With the Ashes 2019 looming just around the corner, David Warner is a man with a definite mission. It’s been nearly two decades now since Australia last brought the urn back from the United Kingdom, and all their players - especially Warner - would be eager to turn the team's fortunes around.
Warner has been named in Tim Paine’s infantry to battle it out in the chilly, treacherous conditions that will be on offer. England has been a dreaded land for the men coming in from Down Under since the turn of the century, and things aren't likely to be easy this time around either.
Everyone remembers the tearful Warner in that embarrassing press conference in Sydney where he admitted to masterminding the infamous ball-tampering saga at Newlands. As he traversed through an emotional meltdown, the belligerent Australian opening batsman seemed resigned to the fact that he may never represent the gold or white of Australia in international cricket again.
Shortly after that Warner was stripped of his official endorsements, and his participation in the IPL 2018 also came to an abrupt and sorry conclusion.
15 months on, time has proved that Warner was utterly wrong in believing that he might never wear Australia’s international kit again. The bull of New South Wales is now back to his usual routine of piling up runs and playing match-winning knocks for his country. He is back in the opening spot, quickly regaining his position as the backbone of the top order.
This meteoric resurgence to the top draw, however, didn’t really commence from the World Cup. The southpaw had given indications of his ominous form in the IPL preceding the mega-event.
Warner once again proved to be a vital cog for Sunrisers Hyderabad and managed to bag the Orange Cap in what proved to be a stellar season for him. With eight fifties and a ton to his name, Warner amassed a staggering 690 runs to make a strong case for World Cup selection.
He had only gotten a sniff at that point and it was evident that he was ravenous to do more, to somehow win back the respect and adoration of the Australian public and the cricket fans scattered all around the globe.
With Australia embarking on their World Cup campaign, Warner initially struggled to find his timing and his strike rate was no way near what we were used to seeing from him. His sluggish 56 off 84 deliveries against India, when the Aussies were chasing a mammoth total, was heavily criticized.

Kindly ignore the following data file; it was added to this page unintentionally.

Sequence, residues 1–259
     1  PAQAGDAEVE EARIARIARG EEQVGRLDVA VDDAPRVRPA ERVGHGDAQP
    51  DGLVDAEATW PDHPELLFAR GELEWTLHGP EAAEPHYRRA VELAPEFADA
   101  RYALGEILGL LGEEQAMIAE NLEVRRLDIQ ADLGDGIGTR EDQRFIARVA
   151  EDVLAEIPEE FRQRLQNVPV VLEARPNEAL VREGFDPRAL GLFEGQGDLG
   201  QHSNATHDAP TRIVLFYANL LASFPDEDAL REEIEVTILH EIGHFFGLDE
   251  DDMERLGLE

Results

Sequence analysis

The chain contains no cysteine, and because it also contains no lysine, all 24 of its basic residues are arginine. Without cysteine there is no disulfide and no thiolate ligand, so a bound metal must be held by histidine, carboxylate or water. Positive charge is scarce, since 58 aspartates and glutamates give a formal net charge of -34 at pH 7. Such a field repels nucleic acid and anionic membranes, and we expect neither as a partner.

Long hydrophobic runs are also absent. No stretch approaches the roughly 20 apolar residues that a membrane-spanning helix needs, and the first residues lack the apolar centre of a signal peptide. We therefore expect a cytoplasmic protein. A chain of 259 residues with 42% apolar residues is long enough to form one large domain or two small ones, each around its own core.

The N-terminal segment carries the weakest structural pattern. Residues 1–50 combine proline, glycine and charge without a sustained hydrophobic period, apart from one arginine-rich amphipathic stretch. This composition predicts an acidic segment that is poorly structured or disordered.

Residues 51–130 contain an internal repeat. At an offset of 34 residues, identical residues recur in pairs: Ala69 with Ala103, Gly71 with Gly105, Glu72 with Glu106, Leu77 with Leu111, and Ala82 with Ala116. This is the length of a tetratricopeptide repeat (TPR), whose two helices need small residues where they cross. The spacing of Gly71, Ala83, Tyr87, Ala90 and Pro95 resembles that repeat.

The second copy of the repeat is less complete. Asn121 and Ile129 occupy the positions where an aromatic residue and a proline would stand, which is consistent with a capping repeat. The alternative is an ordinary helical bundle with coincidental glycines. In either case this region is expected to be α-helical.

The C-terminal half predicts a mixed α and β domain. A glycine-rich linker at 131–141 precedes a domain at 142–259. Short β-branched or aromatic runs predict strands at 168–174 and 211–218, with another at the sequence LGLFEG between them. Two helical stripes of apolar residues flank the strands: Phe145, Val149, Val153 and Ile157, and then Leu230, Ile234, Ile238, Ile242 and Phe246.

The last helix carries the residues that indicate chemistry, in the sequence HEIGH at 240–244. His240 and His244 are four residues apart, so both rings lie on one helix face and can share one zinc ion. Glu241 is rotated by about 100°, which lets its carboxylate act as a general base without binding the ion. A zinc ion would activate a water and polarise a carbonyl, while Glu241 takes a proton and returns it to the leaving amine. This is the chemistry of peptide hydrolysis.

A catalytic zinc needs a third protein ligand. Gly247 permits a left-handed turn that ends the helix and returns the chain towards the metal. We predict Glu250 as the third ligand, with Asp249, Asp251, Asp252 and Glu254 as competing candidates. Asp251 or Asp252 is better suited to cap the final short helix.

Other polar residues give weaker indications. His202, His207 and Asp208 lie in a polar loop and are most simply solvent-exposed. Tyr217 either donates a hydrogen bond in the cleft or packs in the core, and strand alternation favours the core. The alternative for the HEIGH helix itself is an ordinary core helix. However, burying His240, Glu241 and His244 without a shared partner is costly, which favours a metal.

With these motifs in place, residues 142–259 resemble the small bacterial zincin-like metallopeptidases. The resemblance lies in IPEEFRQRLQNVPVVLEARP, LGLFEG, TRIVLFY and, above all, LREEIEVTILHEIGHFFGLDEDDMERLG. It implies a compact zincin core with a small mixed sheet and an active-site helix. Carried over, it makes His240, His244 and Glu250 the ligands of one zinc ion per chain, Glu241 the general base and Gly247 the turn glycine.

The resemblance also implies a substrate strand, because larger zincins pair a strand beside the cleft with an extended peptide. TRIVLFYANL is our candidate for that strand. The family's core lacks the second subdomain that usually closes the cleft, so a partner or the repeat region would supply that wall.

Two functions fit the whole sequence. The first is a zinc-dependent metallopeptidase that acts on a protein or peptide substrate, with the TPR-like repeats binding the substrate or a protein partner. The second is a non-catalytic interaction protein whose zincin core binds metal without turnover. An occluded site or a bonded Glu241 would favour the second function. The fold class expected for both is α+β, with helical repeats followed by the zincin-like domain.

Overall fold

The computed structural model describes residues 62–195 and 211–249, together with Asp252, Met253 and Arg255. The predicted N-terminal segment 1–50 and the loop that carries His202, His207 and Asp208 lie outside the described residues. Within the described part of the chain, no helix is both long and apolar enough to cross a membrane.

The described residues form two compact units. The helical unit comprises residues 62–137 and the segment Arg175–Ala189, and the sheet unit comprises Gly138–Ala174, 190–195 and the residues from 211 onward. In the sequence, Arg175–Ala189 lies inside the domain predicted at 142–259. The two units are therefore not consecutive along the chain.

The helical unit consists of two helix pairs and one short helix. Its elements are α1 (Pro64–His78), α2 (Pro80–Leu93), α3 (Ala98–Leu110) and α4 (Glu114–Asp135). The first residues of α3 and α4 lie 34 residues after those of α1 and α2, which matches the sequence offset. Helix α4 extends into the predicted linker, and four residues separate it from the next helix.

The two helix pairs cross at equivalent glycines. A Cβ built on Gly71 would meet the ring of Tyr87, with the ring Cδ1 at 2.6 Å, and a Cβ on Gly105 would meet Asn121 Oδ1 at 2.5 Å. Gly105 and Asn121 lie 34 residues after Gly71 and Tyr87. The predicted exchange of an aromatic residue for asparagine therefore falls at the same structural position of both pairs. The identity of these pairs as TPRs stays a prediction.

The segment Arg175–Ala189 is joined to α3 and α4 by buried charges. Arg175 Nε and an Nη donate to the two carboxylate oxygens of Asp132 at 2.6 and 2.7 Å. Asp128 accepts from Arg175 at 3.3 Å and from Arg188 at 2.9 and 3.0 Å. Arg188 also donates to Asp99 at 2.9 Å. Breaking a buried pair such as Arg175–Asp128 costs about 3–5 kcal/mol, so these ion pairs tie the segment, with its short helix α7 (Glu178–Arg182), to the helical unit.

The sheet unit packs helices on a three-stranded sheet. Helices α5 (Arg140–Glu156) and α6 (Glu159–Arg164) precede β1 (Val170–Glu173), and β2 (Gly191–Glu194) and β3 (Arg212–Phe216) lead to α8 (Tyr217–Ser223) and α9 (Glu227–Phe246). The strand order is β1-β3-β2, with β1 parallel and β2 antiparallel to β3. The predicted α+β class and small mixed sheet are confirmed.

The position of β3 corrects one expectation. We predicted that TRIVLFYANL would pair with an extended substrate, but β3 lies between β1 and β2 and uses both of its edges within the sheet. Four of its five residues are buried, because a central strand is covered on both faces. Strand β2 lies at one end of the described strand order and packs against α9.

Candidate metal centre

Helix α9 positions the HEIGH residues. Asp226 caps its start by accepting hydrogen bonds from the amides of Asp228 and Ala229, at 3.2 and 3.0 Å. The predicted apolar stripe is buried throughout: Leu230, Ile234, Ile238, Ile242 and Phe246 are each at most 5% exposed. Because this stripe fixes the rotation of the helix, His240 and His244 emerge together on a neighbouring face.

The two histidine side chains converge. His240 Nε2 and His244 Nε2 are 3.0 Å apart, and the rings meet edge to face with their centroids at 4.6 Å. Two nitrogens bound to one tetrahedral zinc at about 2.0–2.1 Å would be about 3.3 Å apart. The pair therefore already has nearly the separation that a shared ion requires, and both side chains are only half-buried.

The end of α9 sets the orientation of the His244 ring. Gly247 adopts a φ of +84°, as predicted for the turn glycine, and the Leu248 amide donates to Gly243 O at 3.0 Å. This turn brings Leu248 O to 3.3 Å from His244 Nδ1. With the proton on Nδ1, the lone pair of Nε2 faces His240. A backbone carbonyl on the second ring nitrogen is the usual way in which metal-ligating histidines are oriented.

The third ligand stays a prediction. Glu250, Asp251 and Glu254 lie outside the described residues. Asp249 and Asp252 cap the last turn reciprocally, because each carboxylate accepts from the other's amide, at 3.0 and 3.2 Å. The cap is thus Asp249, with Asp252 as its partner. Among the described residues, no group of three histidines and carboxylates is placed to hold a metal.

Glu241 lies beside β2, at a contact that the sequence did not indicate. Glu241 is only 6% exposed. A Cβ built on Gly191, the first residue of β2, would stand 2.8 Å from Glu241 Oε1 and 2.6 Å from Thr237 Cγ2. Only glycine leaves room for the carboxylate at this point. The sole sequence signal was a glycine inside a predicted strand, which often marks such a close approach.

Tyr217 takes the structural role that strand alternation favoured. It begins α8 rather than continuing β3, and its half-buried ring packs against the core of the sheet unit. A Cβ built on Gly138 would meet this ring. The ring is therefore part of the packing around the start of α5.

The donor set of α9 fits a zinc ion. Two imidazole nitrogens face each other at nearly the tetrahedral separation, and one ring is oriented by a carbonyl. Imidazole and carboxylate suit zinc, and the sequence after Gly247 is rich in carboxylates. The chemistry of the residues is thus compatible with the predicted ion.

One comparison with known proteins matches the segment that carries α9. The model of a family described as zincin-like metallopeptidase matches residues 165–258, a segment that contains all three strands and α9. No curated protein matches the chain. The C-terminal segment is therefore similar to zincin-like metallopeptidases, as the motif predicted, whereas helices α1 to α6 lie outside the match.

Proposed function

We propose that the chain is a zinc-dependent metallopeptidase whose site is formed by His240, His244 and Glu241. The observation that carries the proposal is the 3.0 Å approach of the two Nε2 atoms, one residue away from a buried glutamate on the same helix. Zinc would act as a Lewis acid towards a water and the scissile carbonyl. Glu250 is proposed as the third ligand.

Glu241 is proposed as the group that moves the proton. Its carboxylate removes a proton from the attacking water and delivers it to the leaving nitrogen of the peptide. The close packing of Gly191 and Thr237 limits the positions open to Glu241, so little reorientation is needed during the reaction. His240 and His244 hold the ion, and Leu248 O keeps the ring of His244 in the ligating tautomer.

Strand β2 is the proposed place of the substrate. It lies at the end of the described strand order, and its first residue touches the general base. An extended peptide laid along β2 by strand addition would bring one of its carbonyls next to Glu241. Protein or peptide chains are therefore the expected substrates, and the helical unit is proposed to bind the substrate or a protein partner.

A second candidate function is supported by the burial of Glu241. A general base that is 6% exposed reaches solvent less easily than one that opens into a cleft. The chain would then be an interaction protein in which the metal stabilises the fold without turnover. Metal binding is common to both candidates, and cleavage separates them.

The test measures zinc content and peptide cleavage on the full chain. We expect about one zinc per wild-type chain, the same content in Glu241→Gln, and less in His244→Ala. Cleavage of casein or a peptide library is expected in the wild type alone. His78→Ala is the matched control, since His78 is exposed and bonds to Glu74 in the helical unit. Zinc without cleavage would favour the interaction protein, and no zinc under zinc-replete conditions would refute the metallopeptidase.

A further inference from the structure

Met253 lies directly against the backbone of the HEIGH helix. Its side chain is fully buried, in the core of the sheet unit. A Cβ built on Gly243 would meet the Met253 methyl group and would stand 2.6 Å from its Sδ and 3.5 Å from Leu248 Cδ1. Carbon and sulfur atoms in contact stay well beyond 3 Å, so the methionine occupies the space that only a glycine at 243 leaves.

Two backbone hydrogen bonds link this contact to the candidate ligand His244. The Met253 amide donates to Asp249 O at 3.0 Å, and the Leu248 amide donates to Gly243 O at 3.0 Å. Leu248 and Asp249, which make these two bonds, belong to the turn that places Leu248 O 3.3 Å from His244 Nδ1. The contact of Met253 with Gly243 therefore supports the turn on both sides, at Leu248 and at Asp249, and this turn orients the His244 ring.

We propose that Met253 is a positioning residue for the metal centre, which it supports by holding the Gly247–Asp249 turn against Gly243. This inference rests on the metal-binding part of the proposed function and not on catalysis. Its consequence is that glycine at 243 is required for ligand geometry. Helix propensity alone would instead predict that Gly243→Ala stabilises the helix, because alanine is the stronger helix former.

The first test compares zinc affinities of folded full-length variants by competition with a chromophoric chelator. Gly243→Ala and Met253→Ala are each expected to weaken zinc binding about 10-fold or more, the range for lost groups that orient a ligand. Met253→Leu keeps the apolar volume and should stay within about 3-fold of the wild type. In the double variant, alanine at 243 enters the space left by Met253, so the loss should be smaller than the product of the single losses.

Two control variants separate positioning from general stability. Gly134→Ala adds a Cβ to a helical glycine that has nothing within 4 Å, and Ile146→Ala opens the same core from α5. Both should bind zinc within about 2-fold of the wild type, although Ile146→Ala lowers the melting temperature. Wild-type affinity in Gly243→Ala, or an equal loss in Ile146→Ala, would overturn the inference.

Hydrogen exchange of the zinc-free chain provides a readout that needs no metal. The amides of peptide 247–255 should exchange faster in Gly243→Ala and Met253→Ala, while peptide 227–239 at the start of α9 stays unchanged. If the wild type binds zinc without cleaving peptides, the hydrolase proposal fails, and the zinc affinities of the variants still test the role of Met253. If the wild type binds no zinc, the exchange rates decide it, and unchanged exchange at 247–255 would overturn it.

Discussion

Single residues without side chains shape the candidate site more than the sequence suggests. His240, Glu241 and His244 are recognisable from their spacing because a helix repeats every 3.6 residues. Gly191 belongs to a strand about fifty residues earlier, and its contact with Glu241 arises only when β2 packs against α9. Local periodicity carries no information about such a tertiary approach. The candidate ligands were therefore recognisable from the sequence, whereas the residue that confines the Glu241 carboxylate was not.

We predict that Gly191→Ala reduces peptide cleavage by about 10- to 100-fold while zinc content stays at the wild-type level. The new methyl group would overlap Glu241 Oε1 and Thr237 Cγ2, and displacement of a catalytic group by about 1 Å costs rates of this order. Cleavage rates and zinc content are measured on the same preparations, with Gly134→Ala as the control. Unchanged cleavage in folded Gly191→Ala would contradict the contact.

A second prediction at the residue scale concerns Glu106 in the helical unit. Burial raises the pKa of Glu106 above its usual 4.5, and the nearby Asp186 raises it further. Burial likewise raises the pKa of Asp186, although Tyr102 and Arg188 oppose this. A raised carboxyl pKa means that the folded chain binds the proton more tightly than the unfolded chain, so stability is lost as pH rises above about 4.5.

Despite putting up solid knocks, Warner's batting was deemed to be too slow (by his standards). Doubts and question marks began to arise over the left-hander’s intent.
It was only in the game against Pakistan on a chilly day at Taunton that the David Warner of old surfaced. Excellent hand-eye coordination, energetic foot movement, boisterous calls, balanced poise and posture and the whiplash effect of hitting both through and across the line were all synced together as he brought up a battling hundred to keep Australia in the hunt.
The innings was, as many had fervently hoped for, followed by his trademark leap of jubilation. That leap of gold sowed the seeds of a remarkable turnaround to his international career.
Here's a video review of Warner's monumental innings, including the leap that he has made his own:
The journey through the tournament wasn’t exactly a walk in the park. Warner had a lot to consider and even more to ponder. He had to keep upping the ante as far as scoring runs at a modern-day rate was concerned, but also had to deal with the jeering taunts that he was assaulted with by the English fans.
Every time he was fielding on the fence or went strolling out of the inner ring to collect the ball from the stands or marched out in his batting attire towards the 22 yards, fans would rush down the aisles and hurl hostile abuses towards the man who was considered a villain just one year ago.
But the white noise, as he once referred to those hoots and snipes as, doesn’t ruffle Warner. In fact, he has begun to thrive on it. He has gone as far as wearing ear pods while batting in the nets and listening to mellow music most of the time.
"Yeah, definitely. That's probably why I had Lewis Capaldi on my playlist ... a bit mellow," Warner said, speaking about the subtle change in his way of going about things. "For me, it's about just relaxing when I'm out there. I always am relaxed but I think just at training you try different things and for me, it's working. I enjoy that…”
The combative, bellicose Warner who would react to everything and who fell into an embarrassing abyss after the Newlands scandal, seems to be gone.
Following the newly found redemption against Pakistan, Warner would go on to stockpile more runs as the marquee event progressed. His 166 against Bangladesh and 122 against South Africa were the prominent highlights as he notched up a total of 647 runs at an exceptional average of 71.9.
The left-handed opener fell one run short of Rohit Sharma’s 648 in bagging the title of most runs scored at the event, but he had done enough to be showered with well-deserved praises from the cricketing fraternity and more importantly, cement a spot for the Ashes.
English tours and English crowds can have a torturous effect on a player’s psyche. And amidst the boos and sneering jeers that will welcome Australia, Warner’s newly-equipped mode of keeping his mindset calm might well do the job for him and his country.
All of a sudden, Warner is a warrior with a silent struggle - unbreakable, because he has nothing to lose; unstoppable, because he has everything to gain.Published 31 Jul 2019, 23:38 IST